Equal Protection By Law: Federal Antidiscrimination Legislation After Morrison and Kimel

Reva B. Siegel, Yale Law School
Robert C. Post, Yale Law School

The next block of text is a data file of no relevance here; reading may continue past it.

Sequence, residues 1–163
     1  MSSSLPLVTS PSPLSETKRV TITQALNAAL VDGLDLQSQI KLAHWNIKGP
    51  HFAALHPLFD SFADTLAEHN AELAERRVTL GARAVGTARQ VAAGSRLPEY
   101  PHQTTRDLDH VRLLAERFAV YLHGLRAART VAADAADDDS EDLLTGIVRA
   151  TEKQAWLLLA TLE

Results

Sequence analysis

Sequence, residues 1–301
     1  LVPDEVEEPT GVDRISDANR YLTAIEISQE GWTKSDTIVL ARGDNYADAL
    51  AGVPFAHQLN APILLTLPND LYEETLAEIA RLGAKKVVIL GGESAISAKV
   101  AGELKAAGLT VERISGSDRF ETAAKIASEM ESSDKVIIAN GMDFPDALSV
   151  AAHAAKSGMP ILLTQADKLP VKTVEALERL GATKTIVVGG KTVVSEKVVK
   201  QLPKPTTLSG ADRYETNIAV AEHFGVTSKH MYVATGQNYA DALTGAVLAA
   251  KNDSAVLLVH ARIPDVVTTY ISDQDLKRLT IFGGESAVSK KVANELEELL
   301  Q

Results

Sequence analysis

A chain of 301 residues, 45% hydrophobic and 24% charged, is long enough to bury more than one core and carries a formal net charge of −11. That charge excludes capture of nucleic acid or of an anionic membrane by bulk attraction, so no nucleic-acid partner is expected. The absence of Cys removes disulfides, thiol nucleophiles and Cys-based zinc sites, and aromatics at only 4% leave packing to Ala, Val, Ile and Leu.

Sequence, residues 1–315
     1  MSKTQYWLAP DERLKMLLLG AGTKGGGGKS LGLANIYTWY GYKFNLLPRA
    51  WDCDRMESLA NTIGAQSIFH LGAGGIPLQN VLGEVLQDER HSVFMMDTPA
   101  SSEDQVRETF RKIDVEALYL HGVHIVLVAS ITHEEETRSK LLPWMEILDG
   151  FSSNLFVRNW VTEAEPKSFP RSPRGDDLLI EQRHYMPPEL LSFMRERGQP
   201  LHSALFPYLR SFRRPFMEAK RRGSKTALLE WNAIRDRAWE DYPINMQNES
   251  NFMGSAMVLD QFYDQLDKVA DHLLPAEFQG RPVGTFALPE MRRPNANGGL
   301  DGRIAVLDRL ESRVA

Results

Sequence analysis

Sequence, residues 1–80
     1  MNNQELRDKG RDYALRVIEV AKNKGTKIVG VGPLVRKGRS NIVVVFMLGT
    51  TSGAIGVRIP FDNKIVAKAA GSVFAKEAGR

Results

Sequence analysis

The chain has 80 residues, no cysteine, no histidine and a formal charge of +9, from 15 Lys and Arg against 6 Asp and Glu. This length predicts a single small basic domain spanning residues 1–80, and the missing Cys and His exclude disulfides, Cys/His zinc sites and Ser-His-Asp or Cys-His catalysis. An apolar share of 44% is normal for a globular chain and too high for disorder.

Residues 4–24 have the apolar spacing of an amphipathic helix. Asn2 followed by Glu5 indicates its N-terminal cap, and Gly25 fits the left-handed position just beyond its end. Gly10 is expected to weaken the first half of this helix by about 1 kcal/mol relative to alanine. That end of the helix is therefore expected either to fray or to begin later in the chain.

Last Term, the Supreme Court sent ominous signals about the future of federal antidiscrimination law. The Court twice ruled that Congress lacked power under Section 5 of the Fourteenth Amendment to enact laws prohibiting discrimination. In Kimel v. Florida Board of Regents, the Court concluded that Section 5 did not give Congress the power to abrogate state Eleventh Amendment immunity for suits under the Age Discrimination in Employment Act of 1967, and in United States v. Morrison, the Court held that Congress was without power under either the Commerce Clause or Section 5 to enact a provision of the Violence Against Women Act of 1994 (VAWA) creating a federal civil remedy for victims of gender-motivated violence.